Insecticide Resistance Status of Colorado Potato Beetle (Coleoptera: Chrysomelidae) Adults in Northern Xinjiang Uygur Autonomous Region
Authors: Jiang, Wei-Hua; Wang, Zhi-Tian; Xiong, Man-Hui; Lu, Wei-Ping; Liu, Ping; Guo, Wen-Chao; Li, Guo-Qing
Source: Journal of Economic Entomology, Volume 103, Number 4, August 2010 , pp. 1365-1371(7)
Publisher: Entomological Society of America
Abstract:Colorado potato beetle, Leptinotarsa decemlineata (Say) (Coleoptera: Chrysomelidae), has become the economically most important insect defoliator of potatoes, Solanum tuberosum L., in northern Xinjiang Uygur autonomous region in China. Currently, control of Colorado potato beetle relies mainly on chemical insecticides. And this may result in insecticide resistance. In this study, LD50 values were measured by a topical bioassay for 14 conventional insecticides in seven local populations from Urumqi, Changji, Tacheng, Nilka, Gongliu, Qapqal, and Tekes counties (cities). The Tekes field population was the most susceptible population and was selected as a reference strain. Compared with the Tekes strain, the Changji, Qapqal, Nilka, Tacheng, and Gongliu populations exhibited moderate to very high levels of resistance to cyhalothrin. The Qapqal and Changji populations showed a moderate and a very high resistance to deltamethrin, respectively. And the Changji population developed a high resistance against α-cypermethrin. Moreover, the Qapqal population had a moderate resistance to carbofuran, and the Urumqi population reached high level of resistance to endosulfan. Possible resistance mechanisms of the Changji and Qapqal populations were determined using three enzyme inhibitors. Triphenyl phosphate (TPP), diethylmeleate, and piperonyl butoxide (PBO) had little synergism to cyhalothrin in the two populations. In contrast, PBO and TPP exhibited some synergistic effects to carbofuran in the Qapqal population, indicating the involvement of monooxygenases and esterases in conferring carbofuran resistance. It seems that additional mechanisms, such as target site insensitivity, should play an important role in Colorado potato beetle resistances to cyhalothrin and carbofuran in northern Xinjiang local populations.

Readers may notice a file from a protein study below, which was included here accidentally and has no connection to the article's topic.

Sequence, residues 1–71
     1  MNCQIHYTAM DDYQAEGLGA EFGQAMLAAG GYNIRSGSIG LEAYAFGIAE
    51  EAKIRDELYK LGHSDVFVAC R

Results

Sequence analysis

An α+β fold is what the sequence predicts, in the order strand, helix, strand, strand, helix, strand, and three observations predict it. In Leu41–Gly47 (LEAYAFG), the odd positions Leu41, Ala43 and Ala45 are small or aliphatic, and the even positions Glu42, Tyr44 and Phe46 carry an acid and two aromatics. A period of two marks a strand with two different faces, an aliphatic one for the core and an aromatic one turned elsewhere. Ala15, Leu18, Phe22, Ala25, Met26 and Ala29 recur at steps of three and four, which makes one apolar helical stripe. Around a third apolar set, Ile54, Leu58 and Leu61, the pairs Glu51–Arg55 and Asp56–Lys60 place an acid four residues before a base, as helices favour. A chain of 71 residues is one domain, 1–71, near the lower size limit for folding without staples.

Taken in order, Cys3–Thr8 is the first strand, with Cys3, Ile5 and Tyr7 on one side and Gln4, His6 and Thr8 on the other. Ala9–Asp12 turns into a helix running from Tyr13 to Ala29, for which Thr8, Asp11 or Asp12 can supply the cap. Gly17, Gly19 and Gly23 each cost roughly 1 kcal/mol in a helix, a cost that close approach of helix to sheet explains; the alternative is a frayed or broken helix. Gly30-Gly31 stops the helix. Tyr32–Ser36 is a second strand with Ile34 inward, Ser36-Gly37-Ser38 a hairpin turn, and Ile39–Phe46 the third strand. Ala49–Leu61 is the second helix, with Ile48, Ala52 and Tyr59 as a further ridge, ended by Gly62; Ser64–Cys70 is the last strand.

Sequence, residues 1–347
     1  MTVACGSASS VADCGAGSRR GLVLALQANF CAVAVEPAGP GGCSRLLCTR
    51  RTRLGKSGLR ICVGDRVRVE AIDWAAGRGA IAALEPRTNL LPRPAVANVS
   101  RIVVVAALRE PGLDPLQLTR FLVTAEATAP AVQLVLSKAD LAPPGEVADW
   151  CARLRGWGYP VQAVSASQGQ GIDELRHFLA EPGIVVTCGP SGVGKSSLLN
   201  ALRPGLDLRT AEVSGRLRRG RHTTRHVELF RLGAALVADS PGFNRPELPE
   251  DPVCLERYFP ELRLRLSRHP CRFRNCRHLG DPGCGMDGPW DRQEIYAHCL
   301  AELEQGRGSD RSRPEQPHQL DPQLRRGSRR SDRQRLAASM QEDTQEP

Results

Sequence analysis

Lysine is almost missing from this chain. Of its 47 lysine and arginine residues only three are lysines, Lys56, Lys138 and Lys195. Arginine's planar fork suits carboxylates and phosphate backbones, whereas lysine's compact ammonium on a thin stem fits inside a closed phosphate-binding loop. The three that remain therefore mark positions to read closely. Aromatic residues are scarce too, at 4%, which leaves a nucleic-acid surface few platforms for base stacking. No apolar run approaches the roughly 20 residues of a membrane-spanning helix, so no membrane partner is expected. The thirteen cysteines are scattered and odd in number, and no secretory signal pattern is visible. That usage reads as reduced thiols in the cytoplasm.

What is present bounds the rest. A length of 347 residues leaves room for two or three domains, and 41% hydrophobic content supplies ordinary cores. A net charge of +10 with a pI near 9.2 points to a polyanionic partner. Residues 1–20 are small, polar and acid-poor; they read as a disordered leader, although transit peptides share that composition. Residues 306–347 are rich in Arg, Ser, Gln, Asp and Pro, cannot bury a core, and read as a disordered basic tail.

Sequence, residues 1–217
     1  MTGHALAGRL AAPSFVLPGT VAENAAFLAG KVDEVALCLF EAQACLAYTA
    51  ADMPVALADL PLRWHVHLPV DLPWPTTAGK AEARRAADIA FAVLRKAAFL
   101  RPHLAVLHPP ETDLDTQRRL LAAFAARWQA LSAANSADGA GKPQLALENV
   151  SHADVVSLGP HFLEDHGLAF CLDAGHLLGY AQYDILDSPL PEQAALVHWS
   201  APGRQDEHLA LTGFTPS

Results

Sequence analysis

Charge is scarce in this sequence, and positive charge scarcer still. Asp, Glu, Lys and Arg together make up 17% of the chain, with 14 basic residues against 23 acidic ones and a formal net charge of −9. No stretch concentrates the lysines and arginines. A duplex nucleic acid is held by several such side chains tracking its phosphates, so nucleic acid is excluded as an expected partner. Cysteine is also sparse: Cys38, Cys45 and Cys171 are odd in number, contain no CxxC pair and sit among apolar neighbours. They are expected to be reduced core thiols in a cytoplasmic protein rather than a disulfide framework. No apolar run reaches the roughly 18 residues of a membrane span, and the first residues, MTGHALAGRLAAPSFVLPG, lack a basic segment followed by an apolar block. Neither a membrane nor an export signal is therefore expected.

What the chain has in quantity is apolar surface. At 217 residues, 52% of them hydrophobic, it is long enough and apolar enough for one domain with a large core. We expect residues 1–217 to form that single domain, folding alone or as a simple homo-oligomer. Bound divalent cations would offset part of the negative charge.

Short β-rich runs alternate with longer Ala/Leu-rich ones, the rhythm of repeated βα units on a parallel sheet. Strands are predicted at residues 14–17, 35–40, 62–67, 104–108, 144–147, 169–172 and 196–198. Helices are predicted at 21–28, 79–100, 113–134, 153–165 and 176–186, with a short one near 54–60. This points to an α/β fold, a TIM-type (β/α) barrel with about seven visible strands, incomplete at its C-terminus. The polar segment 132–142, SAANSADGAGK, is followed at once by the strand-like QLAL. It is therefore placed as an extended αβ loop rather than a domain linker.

Document Type: Research Article
Publication date: August 1, 2010
- Journal of Economic Entomology is published bimonthly in February, April, June, August, October, and December. The journal publishes articles on the economic significance of insects and is divided into the following sections: apiculture & social insects; arthropods in relation to plant disease; forum; insecticide resistance and resistance management; ecotoxicology; biological and microbial control; ecology and behavior; sampling and biostatistics; household and structural insects; medical entomology; molecular entomology; veterinary entomology; forest entomology; horticultural entomology; field and forage crops, and small grains; stored-product; commodity treatment and quarantine entomology; and plant resistance. In addition to research papers, Journal of Economic Entomology publishes Letters to the Editor, interpretive articles in a Forum section, Short Communications, Rapid Communications, and Book Reviews.
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